Tiananmen at 30: From Censorship to Mass Surveillance

Chinese culture values harmony, so their Communist leaders extol it above all else. Maintaining harmony among a billion and half people is a full-time job—a totalitarian one that now relies on mass surveillance.

Five years ago, I opined about the 1989 Tiananmen Square massacre and the regime’s efforts to censor it from memory. It’s a massive, probably impossible, task, as anyone who has tried to forget a horrible event can attest. That’s because the suppressive effort itself keeps thoughts alive. Deeply suppressed thoughts tend to become ghosts that haunt at an unconscious level.

 

New tools for mass surveillance

Beyond internet censorship, the Chinese Communist Party is pushing the boundaries of technology for societal control. New tools strengthen the party’s ability to monitor citizens and control information, movement, commerce, expression and thought.

WeChat, a Chinese messaging app that includes banking, payments, games and other built-in mini-apps, has over a billion monthly users. It’s owner, Tencent, is listed on the Hong Kong stock exchange. Weibo (NASDAQ-listed), a microblogging social media platform, has 465 million users. Like other companies under Communist capitalism, their data is the government’s data.

Imagine that government ideologues harnessed the detailed personal information that companies like Apple, Facebook and Google gather to sell advertising and created a “social credit score,” like a politicized FICO score. Welcome to China, where it’s 1984 in 2019.

China has installed nearly 200 million mass surveillance cameras linked to AI facial recognition programs. Reports estimate the goal is 2.76 billion cameras by 2022. The one-child policy for couples has morphed into the two-camera policy for individuals.

China is using mass surveillance algorithms to profile Chinese citizens along religious, ethnic and political lines. Ground zero in this quest is Xinjiang, a western province filled with Uighurs and other Muslims ethnic groups. The system functions as a virtual fence for those who have not been placed in re-education camps, believed to hold more than a million detainees. Welcome to China, where it’s 1964 in 2019.

 

Old-school totalitarian rule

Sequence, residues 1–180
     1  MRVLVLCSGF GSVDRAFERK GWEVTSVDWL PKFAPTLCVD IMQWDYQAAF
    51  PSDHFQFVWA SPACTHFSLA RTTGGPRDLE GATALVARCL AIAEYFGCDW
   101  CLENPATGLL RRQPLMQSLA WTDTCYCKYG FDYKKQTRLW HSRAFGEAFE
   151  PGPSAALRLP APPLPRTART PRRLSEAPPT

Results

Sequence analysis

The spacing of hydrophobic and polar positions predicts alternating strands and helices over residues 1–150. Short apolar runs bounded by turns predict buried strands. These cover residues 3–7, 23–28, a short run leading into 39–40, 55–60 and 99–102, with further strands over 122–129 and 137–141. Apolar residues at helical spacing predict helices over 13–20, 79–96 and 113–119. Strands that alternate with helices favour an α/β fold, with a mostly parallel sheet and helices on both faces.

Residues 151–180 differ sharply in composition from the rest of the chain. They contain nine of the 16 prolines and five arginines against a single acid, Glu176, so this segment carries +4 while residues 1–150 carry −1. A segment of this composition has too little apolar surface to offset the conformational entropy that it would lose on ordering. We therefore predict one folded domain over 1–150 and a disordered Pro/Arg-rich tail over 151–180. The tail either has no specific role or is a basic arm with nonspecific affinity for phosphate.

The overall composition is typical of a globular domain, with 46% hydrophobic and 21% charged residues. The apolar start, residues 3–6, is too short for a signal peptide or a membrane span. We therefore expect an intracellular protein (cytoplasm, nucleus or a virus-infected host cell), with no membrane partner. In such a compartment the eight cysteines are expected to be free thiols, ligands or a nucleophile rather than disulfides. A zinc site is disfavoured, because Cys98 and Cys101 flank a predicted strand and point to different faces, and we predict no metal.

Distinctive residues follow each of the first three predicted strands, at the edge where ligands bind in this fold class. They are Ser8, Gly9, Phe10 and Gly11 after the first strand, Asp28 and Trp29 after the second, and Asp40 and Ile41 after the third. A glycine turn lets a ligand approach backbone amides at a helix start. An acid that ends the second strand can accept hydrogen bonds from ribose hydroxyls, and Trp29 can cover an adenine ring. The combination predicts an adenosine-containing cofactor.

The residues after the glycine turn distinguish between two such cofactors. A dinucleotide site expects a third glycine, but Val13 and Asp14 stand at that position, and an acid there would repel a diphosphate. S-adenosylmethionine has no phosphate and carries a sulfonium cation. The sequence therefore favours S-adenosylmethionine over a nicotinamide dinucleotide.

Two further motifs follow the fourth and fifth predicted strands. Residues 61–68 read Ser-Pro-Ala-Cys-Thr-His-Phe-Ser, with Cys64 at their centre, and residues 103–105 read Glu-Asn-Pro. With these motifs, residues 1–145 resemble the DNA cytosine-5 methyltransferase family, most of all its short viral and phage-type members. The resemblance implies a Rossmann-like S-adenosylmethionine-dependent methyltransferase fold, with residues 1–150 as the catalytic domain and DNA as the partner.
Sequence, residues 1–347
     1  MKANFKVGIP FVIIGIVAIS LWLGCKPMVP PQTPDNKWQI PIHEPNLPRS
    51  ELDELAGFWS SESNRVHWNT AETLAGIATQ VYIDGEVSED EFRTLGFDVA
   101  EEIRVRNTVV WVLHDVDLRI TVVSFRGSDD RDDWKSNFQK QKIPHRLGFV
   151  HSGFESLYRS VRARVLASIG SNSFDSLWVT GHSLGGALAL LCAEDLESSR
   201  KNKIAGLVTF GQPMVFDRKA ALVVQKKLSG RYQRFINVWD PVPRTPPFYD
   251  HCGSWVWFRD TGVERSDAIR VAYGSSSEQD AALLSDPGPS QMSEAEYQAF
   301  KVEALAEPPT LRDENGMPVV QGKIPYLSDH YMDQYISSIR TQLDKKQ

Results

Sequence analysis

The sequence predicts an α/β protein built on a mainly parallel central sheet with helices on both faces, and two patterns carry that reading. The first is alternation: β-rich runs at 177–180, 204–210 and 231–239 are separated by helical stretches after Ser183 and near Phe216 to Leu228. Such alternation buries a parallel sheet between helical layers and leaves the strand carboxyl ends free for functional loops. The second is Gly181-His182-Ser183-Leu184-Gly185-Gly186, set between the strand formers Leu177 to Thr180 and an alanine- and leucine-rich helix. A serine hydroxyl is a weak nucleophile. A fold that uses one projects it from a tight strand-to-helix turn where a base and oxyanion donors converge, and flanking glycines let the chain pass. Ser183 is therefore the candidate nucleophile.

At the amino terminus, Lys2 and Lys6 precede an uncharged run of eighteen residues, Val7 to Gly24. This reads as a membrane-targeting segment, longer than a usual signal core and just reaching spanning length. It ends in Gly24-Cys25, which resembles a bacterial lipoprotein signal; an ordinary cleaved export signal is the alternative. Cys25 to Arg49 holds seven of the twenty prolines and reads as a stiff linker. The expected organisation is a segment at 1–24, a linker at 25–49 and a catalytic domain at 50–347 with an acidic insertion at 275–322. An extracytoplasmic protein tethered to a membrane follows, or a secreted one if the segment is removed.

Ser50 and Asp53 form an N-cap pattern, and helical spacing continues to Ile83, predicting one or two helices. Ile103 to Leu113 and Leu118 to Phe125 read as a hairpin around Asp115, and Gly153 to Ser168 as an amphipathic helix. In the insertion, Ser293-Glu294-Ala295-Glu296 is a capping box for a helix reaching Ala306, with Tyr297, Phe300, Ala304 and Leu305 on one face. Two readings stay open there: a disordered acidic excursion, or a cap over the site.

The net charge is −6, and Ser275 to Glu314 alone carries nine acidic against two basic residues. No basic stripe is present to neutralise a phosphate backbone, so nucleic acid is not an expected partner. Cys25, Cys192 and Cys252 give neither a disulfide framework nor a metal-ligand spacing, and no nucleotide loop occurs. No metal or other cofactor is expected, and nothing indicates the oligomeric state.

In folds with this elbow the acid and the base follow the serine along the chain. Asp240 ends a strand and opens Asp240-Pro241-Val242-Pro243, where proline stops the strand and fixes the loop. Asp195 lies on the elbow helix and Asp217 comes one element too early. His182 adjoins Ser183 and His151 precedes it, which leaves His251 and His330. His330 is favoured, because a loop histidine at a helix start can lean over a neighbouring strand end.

It’s hard to gauge whether most Chinese people are OK with all of this or even aware. One thing they will not be doing is voting the bums out at the next election. President Xi Jinping last year engineered constitutional changes that removed term limits, making him president for life, and editing “Xi Jinping Thought” into the document.

That makes him by most accounts the most powerful man in the world. It’s an extraordinary amount of power for one man and for one party. Who do they blame when they screw up?

I think that gets at the obsession with control. Undivided authority leaves dictatorial regimes nowhere to hide. Dissent cannot be tolerated when blame cannot be diverted. Hence, the ghosts of Tiananmen haunt a regime that has resolved never to allow public protests to arise again.

In the West, a photo known as “Tank Man” became the iconic image of the Tiananmen incident. A lone protester on foot blocked a line of tanks—until he was muscled away and never seen again. The image appeals to the rugged individualism our culture emphasizes. But it does not reflect why the regime is obsessed with mass surveillance.

“Tank Man” became an iconic image of the Tiananmen incident, but it does not reflect the regime's obsession with mass surveillance.

 

In contrast, a different photo of Tiananmen Square captures what keeps Communist Party rulers obsessed with control through mass surveillance.

 This photo suggests why the Chinese ruling party is obsessed with mass surveillance.

Authorities can write off a lone protester as a misfit. A multitude of like-minded protesters occupying the central square for days is not just a threat to harmony—they represent the power to change the tune.

 

The historical lesson

Chinese readers may never see these words, but Westerners should heed the lessons of Tiananmen and its aftermath. Coerced harmony can look stable on the surface for a long time. Eventually, it produces a brittle society, more apt to break than bend, like a pressure cooker without a release valve.

Democracies rely on free expression, equitable representation and responsive public policies to keep the pot from boiling over or exploding. Our roiling, often cacophonous, multi-part harmonies have served us well. However, in the United States and nations throughout what we long called the free world, many are willfully forgetting history, even without censors.

Roger Cohen, an opinion columnist for The New York Times, put it succinctly:

“The specters of nationalism and xenophobia have stirred. It’s time to recall that the quest for homogeneous societies led the 20th century to its most unspeakable horrors.”

The Lessons of Paris and the Violence of Hope, May 31, 2019.

 

Whether through censorship or willful amnesia, we lose the lessons of history at our peril.

 

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Eric F. Frazier

Eric F. Frazier is an independent writer, editor, book reviewer and co-author of GPS Declassified: From Smart Bombs to Smartphones.